The unwavering focus on treatments for sustaining life can leave someone who is living with an advanced disease physically uncomfortable, feeling lost and confused, not knowing how to get through each day or how to plan for the future.
Nearly everyone who is asked where they would want to spend their final days says at home, surrounded by people they know and love and who love them. That's the consistent finding of public opinion surveys and, in my experience as a doctor, remains true when people become patients. Unfortunately, it is not the way things turn out. At present, just over one-fifth of Americans are at home when they die. Instead, over 30 percent die in nursing homes, where, according to opinion polls, virtually no one says they want to be. Hospitals remain the site of over 50 percent of deaths in most parts of the country, and nearly 40 percent of people who die in a hospital spend their last days in an ICU (intensive care unit), where they will likely be sedated or have their arms tied down so they will not pull out breathing tubes, intravenous lines, or catheters.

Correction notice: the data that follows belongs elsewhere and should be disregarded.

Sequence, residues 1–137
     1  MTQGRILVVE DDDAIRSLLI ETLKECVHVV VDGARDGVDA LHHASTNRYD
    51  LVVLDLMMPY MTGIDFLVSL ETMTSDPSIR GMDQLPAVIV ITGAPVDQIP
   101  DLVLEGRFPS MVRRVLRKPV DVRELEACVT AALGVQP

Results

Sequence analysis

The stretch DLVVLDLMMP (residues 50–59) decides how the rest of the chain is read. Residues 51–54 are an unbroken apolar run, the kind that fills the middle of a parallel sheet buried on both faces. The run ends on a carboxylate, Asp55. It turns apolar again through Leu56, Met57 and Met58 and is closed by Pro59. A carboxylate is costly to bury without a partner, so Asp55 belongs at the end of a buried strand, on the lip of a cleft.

Dying is hard, but it does not have to be this hard.
Reprinted from The Best Care Possible by Ira Byock by arrangement with Avery Books, a member of Penguin Group (USA) Inc., Copyright © 2012 by Ira Byock.
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No Man's Land
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